The Thin-Film Flexible 6502

While our attention is mostly directed towards ever smaller-integrated silicon circuits providing faster and faster computing, there’s another area of integrated electronics that operates at a much lower speed which we should be following. Thin-film flexible circuitry will provide novel ways to place electronics where a bulky or expensive circuit board with traditional components might be too expensive or inappropriate, and Wikichip is here to remind us of a Leuven university team who’ve created what is claimed to be the fastest thin-film flexible microprocessor yet. Some of you might find it familiar, it’s our old friend the 6502.

The choice of an archaic 8-bit processor might seem a strange one, but we can see the publicity advantage — after all, you’re reading about it here because of it being a 6502. Plus there’s the advantage of it being a relatively simple and well-understood architecture. It’s no match for the MHz clock speeds of the original with an upper limit of 71.4 kHz, but performance is not the most significant feature of flexible electronics. The production technology isn’t quite ready for the mainstream so we’re unlikely to be featuring flexible Commodore 64s any time soon, but the achievement is the impressive feat of a working thin-film flexible microprocessor.

Meanwhile, if you’re curious about the 6502, we took a look at the life of its designer, [Chuck Peddle].

Put A New Spin On Your 3D Printed Parts

Once you get tired of printing keychains and earbud holders with your 3D printer, you’ll want to design things a bit more sophisticated. How about things that rotate? [3DSage] has a good how-to about how to integrate a simple motor and controller into a few different size boxes. Combined with some 3D printed linkages, these boxes can turn your project — printed or otherwise — into something that spins.

To demonstrate, he created a few cat toys, played with an idea for a magic trick, and refit a selfie light into… something. We have no doubt you can find something to do with these little motor modules. The boxes vary mostly in how big the battery packs are. There are also several interesting side pieces like a 3D holder for rechargeable button cells and their charger.

In addition, he also demonstrates how to use the motor as a (rather poor) generator. Attaching a water wheel wasn’t a success until he used compressed air to run the wheel. You would have thought water would have done the trick.

The video stresses that you should solder connections, but you don’t have to. Honestly, we think if you are building moving stuff with a 3D printer, you should probably just go ahead and learn to solder. It isn’t that hard and there are plenty of reasons to learn.

Of course, you could 3D print the motor itself. Adapting motor modules for different uses isn’t a new idea, of course, but it is always great to see more ways to apply basic components.

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Round LCDs Put To Work In Rack Mount Gauge Cluster

Like many of you, we’re intrigued by the possibilities offered by the availability of affordable round LCD panels. But beyond the smartwatches they were designed for, it’s not always easy to come up with an appropriate application for such non-traditional displays. Digital “steam gauges” are one of the first ideas that come to mind, so it’s perhaps no surprise that’s the direction [Tom Dowad] took his project. But rather than just one or two gauges, he decided to go all out and put eight of them in a 1U rack mountable unit.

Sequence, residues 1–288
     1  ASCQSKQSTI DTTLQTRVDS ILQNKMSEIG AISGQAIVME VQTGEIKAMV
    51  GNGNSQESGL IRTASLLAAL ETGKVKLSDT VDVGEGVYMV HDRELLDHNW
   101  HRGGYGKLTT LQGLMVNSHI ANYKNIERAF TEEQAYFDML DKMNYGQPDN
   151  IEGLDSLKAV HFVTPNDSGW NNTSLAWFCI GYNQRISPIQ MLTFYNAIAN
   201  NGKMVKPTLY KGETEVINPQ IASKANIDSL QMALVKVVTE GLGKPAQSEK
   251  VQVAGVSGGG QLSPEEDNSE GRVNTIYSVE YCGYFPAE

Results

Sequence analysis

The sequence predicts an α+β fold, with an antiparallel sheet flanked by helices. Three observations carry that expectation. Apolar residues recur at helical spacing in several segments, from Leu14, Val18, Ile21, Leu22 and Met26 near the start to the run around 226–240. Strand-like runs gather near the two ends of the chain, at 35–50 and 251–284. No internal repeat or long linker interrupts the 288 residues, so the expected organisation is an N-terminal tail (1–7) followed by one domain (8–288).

What do you need eight faux-analog gauges for? Beats us, but that’s not our department. Now [Tom] has a whole row of indicators that can be used to show whatever it is he likes to keep an eye on. The fact that the device is actually controlled via MIDI may provide us a clue that there’s a musical component at play (no pun intended), but then, it wouldn’t be the first time we’d seen MIDI used simply as a convenient and well supported way of synchronizing gadgets. Continue reading “Round LCDs Put To Work In Rack Mount Gauge Cluster”

Screwed Up: Can Technology Be A Substitute For Regular Maintenance

The bane of life for anyone who possesses a well-used pile of spanners is the humble nut and bolt. Durable and easy to fasten, over our lifetimes we must screw and unscrew them by the million. When they do their job they’re great, but too often they seize up solid, or more alarmingly, gradually undo themselves over time due to vibration or thermal stress. There are a host of products such as locking nuts or thread sealant to deal with this problem, but the Fraunhofer Institute have an idea which might just remove the worry surrounding important fastenings. Their work has resulted in a solar-powered bolt with an embedded sensor that phones home when the connection loosens, allowing an engineer to be dispatched with a spanner to tighten it up.

The sensor itself is a washer which reports the force placed upon it, when this reduces an alert is sent. Communication is via Fraunhofer’s own MIoTy low-power wide-area network (LPWAN) protocol, but we’d imagine that one of the many competitor technologies could also serve.

This is an interesting idea that could no doubt result in targeted maintenance catching faulty fastenings early and averting disaster in the infrastructure projects such as bridges and wind turbines that they mention. We worry slightly though, because these types of structures have lives not in the few years of most tech products but in centuries. Will an IoT bolt head sensor still be phoning home in a few decades time, or will the system rely on old bolts being replaced at regular intervals of a decade? It’s not unknown for disasters to be the result of failures in fastenings a century old, so we sincerely hope that authorities in charge of whatever bridge relies on these won’t be tempted to skimp on their replacements. Perhaps a guy with a spanner every few years might be a more dependable option.